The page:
Freewill and the right to lead your own life are amongst the basicinstincts humans possess which assist in the thriving of their livesand the source of a successful start. Although there are manypositive and negative reasons for legalizing prostitution, rightsplay an extremely important factor. The right over your own body hasbeen tried many times when it comes to what citizens can and cannotdo and play a role in nearly every aspect of life. The right to dogood over bad, the right to have ice cream over an apple, the rightto possess weapons, and even the right to marry the ones you love.Many rights are granted because they are our basic human rights. Oneof the rights put into question when discussing the legalization ofprostitution is body rights. Samual C. Wheeler III, a professor ofphilosophy at the University of Connecticut, agreed that body rightsand property rights should be treated the same. Wheeler believed thatnatural body rights involve the impermissibility of someone else’sinterference with the motions and uses of our bodies. In his article,Natural Rights, Professor Wheeler stated: “If a person has anatural right to move and use his body, then it is morally wrong foranother to force him to move his body or for another to use his bodyin ways the person doesn’t choose” (Wheeler 71). By stating thisWheeler is implying that everyone has the natural given right tooperate their body in their own way, so to criminalize prostitutionis to force an individual to abdicate their exclusive right to moveand operate their body freely as they please. The freedom given towomen and men in the sex industry is all too limited to many, but tosome, prostitution is not regulated enough and is believed to belacking enforcement. Engaging in such an intimate behavior is arguedto be unpriceable. To place a number on a woman is to demean her andobjectify her and the right of objectification is hardly a right atall. Giving a woman the right to devalue herself, put herself inharm’s way, and potentially cause self-esteem issues can be arguedas heartless and inhumane. For any person who possesses a body, bodyrights are granted to them and to be knowledgeable of your own rightsis as important as the rights themselves. Being made aware of thedifferent rights that we both have and do not have on our property,possessions, and our own bodies encourages the legalization ofprostitution, as well as refuting it by supporting the continuationof criminalizing the industry ultimately falls upon the right holderthemselves and the free will to decide which best suits them.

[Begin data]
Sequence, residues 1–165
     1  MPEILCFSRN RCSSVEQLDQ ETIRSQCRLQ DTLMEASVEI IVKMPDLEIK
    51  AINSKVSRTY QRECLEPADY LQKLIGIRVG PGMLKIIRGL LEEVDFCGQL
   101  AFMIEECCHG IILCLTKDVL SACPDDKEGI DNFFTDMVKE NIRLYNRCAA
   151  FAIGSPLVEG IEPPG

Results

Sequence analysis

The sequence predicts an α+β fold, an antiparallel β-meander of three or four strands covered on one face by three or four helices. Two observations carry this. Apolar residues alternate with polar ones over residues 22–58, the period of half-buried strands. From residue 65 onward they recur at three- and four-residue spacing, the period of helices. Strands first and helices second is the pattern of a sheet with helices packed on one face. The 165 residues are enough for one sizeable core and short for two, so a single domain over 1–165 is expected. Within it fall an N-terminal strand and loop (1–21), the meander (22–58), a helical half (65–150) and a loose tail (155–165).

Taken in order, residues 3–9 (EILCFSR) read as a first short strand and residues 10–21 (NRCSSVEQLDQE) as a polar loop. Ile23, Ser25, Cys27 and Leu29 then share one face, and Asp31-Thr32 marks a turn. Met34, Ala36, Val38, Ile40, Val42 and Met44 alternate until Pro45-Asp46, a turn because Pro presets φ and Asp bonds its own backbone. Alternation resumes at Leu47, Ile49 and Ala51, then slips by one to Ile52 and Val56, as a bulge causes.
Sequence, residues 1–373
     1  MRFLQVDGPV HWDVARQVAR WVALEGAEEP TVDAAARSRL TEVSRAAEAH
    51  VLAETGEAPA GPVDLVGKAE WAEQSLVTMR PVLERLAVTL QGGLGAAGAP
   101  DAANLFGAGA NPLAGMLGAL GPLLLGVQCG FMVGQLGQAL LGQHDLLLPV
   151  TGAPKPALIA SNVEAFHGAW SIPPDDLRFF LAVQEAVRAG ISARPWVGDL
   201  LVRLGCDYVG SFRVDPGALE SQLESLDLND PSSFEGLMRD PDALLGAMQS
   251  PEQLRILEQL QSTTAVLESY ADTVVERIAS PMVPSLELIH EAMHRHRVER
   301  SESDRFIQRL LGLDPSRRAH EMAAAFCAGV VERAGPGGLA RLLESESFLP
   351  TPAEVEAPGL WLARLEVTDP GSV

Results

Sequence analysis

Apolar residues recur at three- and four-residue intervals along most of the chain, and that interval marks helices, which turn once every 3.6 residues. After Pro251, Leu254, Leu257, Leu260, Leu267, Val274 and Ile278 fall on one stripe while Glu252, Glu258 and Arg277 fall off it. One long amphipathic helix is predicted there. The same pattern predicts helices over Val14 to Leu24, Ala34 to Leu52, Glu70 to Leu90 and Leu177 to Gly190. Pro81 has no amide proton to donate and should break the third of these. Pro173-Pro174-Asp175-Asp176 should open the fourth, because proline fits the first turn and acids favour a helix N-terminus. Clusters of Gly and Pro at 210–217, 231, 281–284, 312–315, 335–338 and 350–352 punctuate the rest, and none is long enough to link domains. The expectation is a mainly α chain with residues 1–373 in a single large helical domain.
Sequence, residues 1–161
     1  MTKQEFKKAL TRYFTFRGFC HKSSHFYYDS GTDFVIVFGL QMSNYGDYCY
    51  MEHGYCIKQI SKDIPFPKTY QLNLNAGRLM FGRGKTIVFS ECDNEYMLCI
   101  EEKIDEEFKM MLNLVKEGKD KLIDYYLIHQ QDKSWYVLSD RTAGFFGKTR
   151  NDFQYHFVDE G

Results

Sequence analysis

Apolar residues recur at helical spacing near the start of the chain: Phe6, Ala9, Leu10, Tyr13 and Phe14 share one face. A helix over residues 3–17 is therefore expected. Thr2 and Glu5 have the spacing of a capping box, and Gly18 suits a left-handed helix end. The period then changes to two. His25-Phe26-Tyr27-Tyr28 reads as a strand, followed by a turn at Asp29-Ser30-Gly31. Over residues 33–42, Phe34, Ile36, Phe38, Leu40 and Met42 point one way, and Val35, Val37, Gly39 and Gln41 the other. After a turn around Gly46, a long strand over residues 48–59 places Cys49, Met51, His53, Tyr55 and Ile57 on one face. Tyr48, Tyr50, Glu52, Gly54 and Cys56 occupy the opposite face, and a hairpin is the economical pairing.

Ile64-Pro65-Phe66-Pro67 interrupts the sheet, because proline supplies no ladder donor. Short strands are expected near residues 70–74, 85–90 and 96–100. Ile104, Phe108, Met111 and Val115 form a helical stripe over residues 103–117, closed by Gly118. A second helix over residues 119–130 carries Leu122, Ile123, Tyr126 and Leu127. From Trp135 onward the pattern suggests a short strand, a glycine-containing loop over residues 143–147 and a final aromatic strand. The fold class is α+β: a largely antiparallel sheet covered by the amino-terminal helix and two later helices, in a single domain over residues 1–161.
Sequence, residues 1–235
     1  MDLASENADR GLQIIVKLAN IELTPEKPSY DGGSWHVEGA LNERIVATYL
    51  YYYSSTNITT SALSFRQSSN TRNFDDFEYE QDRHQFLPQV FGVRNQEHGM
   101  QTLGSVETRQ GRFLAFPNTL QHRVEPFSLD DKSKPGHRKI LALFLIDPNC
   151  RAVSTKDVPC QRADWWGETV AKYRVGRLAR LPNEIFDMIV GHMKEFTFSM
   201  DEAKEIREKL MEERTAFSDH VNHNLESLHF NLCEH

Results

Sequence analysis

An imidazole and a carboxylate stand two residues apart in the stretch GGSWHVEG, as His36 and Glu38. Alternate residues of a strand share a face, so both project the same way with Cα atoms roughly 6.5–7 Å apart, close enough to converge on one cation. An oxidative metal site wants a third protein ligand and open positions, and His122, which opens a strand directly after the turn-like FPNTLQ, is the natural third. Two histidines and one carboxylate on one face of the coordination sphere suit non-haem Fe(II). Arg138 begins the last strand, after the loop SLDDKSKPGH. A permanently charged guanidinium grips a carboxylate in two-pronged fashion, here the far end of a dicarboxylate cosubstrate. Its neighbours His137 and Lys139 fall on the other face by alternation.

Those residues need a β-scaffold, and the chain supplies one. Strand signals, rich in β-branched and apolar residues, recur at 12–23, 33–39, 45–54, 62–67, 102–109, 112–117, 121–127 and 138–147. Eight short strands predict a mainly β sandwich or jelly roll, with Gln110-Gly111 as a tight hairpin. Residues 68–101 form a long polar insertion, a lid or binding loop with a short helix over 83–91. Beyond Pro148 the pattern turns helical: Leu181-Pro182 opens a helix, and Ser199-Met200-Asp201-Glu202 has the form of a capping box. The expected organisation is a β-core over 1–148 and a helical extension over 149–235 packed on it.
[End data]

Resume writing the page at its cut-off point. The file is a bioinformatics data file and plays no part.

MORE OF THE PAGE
Thecurrent status of prostitution remains illegal throughout all 50states in America except for in parts of Nevada where owning andoperating a brothel are allowed. With that status, it is hard for theworkers in the illegal sex industry because when faced with a violentclient, madam, pimp, or a number of dangerous circumstances, it ishard for the men and woman to come forward to law enforcement forprotection when they themselves face the risk of prosecution. Dr.Melissa Ditmore, the coordinator of the Global Network of Sex WorkProjects for the Washington Post, stated in her article that “…Policecannot and do not simultaneously seek to arrest prostitutes andprotect them from violence…” (Ditmore p. 2). Dr. Ditmore goes onto describe numerous accounts of women who have reported the policeofficers refusing to investigate acts of violence against those whothey knew engaged in prostitution, and would simply state, ‘whatdid you expect?’. It is reported that Gary Ridgway murdered 48prostitutes throughout the course of twenty years simply because heknew that he wouldn’t be accountable for their deaths. On theother hand, with a profession which has such a high death rate, andthe likelihood of being raped on average of once a week, it is hardto support and deem legal an industry which backs the mistreatmentand devaluing of women in a sexual manner and is cruel to suggestthat decriminalization or legalization will protect anyone inprostitution.